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School Outcomes of Aggressive-Disruptive Children: Prediction From Kindergarten Risk Factors and Impact of the Fast Track Prevention Program


  • Members of the CPPRG in alphabetical order or Karen L. Bierman (Pennsylvania State University), John D. Coie (Duke University), Kenneth A. Dodge (Duke University), Mark T. Greenberg (Pennsylvania State University), John E. Lochman (University of Alabama), Robert J. McMahon (Simon Fraser University), and Ellen Pinderhughes (Tufts University).

Correspondence to: Karen L. Bierman, The Pennsylvania State University, 110 Moore Building, University Park, PA 16802.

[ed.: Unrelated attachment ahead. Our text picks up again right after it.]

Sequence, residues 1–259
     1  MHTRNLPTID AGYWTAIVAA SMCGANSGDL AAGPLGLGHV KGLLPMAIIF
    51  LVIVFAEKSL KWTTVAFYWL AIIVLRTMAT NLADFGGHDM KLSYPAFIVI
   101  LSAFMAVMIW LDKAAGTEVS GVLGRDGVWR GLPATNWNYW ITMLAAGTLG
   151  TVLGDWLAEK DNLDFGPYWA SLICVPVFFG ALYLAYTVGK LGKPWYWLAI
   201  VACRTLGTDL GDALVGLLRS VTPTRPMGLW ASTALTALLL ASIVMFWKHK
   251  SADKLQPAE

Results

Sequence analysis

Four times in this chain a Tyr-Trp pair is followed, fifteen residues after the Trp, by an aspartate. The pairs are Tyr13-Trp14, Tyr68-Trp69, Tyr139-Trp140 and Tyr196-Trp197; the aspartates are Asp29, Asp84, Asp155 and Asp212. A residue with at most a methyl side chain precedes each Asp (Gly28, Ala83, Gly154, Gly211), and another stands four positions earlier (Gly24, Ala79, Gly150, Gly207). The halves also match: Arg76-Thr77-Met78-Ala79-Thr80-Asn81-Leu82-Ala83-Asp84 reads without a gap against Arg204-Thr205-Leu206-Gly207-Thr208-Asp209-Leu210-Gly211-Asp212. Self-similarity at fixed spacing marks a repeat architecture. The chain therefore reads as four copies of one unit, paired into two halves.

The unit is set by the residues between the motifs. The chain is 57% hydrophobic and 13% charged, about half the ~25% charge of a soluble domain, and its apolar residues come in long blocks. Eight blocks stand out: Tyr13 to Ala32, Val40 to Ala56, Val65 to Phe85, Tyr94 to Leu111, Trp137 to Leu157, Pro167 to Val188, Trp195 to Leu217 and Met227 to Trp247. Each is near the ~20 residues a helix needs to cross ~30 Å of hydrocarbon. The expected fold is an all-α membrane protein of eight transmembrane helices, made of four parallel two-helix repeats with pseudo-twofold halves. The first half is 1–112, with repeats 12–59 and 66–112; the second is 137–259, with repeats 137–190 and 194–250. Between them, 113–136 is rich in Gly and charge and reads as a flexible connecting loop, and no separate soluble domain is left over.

A multi-gate screening process identified 891 children with aggressive-disruptive behavior problems at school entry. Fast Track provided a multi-component preventive intervention in the context of a randomized-controlled design. In addition to psychosocial support and skill training for parents and children, the intervention included intensive reading tutoring in first grade, behavioral management consultation with teachers, and the provision of homework support (as needed) through tenth grade. This study examined the impact of the intervention, as well as the impact of the child's initial aggressive-disruptive behaviors and associated school readiness skills (cognitive ability, reading readiness, attention problems) on academic progress and educational placements during elementary school (Grades 1–4) and during the secondary school years (Grades 7–10), as well as high school graduation. Child behavior problems and skills at school entry predicted school difficulties (low grades, grade retention, placement in a self-contained classroom, behavior disorder classification, and failure to graduate). Disappointingly, intervention did not significantly improve these long-term school outcomes. Aggr. Behav. 39:114–130, 2013. © 2013 Wiley Periodicals, Inc.